Leaving Lohāchāra: On circuits of emplacement and displacement in the Ganges Delta

Arne Harms
White Horse Press
Tipo de publicación: 
Idioma de la publicación: 
Year of Publication: 

Access the publication

Source: Global Environment, Volume 8, Number 1, April 2015, pp. 62-85(24)

DOI: https://doi.org/10.3197/ge.2015.080104

In this paper I focus on the disappearance of the small island of Lohācharā. Once situated in the Indian part of the Ganges Delta, the island fell prey to drawn-out processes of coastal erosion. Later it rose to fame as being the sunken home to India’s – or the world’s – very first climate refugees. Based on fieldwork among displaced and resettled islanders, I engage with the past of the island and its inhabitants. In doing this I show that the displacements resulting from the island’s erosion do not mark a singular moment of victimisation or loss, but are better to be understood as instances in a broader pattern of repeated losses, enforced mobilities and arrivals. I call this a circuit of displacement and emplacement. Framing an overall sense of the past among islanders, it also helps to understand the experience of erosions itself. The latter translated into multiple displacements by islanders-turned-squatters who had to move repeatedly with the receding coastline.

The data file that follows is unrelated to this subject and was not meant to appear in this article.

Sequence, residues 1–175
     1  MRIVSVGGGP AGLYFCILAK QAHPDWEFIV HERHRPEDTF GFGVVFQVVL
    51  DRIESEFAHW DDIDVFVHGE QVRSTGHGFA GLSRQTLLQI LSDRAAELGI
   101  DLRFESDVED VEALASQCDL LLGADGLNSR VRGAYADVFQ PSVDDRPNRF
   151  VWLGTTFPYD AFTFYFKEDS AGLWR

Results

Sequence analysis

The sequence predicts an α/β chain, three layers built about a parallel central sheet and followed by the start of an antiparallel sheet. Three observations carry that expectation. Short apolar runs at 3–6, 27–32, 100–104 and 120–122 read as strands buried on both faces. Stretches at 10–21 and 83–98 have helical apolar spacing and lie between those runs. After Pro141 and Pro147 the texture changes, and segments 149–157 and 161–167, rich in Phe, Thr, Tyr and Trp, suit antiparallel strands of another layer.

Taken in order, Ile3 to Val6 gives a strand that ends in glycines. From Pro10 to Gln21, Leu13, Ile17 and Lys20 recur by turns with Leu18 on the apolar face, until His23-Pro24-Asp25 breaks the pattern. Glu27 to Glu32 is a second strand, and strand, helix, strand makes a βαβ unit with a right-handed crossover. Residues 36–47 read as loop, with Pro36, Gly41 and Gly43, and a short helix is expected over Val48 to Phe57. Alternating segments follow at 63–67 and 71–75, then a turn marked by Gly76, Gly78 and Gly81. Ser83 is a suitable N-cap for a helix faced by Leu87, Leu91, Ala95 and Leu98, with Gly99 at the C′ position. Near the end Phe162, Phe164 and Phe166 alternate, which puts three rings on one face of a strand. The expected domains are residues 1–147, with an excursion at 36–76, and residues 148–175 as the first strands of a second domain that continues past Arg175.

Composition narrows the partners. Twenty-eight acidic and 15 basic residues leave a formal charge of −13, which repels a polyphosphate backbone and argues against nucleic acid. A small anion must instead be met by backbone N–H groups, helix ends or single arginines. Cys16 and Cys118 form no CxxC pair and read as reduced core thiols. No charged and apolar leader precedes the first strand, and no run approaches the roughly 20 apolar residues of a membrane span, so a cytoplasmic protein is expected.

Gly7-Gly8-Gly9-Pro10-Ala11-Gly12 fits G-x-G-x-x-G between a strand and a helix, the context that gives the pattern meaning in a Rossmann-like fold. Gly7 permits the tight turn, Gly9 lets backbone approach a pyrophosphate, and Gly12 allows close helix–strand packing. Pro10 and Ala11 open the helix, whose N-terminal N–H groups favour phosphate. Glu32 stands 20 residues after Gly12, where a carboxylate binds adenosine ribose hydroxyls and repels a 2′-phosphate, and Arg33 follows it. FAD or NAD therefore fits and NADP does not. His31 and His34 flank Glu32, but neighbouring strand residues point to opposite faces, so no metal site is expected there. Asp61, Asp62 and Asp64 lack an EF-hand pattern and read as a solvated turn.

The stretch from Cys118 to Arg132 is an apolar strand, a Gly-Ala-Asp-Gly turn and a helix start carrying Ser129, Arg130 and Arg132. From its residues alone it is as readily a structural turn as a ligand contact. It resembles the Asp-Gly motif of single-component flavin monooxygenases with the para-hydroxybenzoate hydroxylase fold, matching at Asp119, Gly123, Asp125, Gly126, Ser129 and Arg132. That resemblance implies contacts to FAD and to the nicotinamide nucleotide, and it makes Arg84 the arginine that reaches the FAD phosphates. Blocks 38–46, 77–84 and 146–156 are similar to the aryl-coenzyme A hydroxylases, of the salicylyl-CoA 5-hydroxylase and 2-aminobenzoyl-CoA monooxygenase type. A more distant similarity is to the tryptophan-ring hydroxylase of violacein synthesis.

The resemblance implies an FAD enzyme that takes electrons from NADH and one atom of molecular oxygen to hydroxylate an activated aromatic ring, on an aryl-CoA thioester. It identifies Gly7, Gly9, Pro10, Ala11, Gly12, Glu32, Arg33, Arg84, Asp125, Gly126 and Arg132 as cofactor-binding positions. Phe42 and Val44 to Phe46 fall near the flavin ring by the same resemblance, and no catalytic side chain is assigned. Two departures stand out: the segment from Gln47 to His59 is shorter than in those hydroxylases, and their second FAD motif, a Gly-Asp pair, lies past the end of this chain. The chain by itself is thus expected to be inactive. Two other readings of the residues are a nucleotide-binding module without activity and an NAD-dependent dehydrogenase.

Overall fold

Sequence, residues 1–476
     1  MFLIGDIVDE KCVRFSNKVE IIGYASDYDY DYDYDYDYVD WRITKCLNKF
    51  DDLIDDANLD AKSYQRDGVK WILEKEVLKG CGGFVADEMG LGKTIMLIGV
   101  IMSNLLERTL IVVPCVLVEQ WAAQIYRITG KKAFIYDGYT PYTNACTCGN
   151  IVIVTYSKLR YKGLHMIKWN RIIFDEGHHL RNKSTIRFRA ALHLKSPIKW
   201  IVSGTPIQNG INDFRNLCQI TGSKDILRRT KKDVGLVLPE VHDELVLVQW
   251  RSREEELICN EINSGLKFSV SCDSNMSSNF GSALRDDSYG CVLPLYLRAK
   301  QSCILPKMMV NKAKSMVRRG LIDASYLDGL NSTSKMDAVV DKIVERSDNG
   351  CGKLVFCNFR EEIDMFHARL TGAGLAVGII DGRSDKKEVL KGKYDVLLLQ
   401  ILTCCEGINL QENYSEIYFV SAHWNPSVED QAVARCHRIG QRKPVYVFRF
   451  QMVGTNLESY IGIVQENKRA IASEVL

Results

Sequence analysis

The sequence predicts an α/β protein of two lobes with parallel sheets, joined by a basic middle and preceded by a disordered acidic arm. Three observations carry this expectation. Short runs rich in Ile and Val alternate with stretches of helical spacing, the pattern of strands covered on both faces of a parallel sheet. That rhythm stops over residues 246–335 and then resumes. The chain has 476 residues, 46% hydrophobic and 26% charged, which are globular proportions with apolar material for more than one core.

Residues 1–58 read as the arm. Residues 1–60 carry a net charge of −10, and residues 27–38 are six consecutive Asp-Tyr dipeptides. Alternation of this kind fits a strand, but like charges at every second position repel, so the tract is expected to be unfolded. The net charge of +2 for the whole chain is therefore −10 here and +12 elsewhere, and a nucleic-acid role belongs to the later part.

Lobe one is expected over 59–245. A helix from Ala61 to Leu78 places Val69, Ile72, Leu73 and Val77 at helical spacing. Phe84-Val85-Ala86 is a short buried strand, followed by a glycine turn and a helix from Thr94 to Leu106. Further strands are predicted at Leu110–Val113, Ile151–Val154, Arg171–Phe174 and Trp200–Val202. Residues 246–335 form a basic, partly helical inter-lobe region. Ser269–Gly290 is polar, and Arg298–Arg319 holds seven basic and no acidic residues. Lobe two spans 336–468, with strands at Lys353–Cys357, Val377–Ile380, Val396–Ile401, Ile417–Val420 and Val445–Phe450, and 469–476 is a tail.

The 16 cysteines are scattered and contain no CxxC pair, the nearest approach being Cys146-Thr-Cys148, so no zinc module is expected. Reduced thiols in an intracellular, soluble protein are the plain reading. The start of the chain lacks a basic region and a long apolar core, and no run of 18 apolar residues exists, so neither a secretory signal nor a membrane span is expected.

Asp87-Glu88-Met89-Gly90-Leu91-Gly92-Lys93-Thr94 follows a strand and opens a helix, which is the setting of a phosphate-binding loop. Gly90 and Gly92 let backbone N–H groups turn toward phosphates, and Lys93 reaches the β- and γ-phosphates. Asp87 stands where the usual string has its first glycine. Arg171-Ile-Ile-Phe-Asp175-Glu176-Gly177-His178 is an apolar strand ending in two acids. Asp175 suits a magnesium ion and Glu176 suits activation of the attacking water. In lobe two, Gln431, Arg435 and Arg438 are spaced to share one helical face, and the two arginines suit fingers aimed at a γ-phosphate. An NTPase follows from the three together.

While many islanders managed to secure resettlements on a nearby island, the sense of instability associated with repeated losses continued to permeate the present. I show that islanders’ fear of new rounds of erosion is great, as is the widespread mistrust. The newly emplaced lands emerge thus as endangered either by hazardous waters or by volatile party politics.

While the sinking of Lohācharā is certainly not reducible to climate change, it helps to critically engage with the role of islands within current debates surrounding it. I argue that the recent preoccupation of climate change debates with small island states overshadows the suffering entailed in the sinking of marginal islands elsewhere. Moving through a set of glimpses into pasts not forgotten, I conclude that the point is not whether the territory of a state is threatened, but rather how threatened the state of the citizenship is among islanders.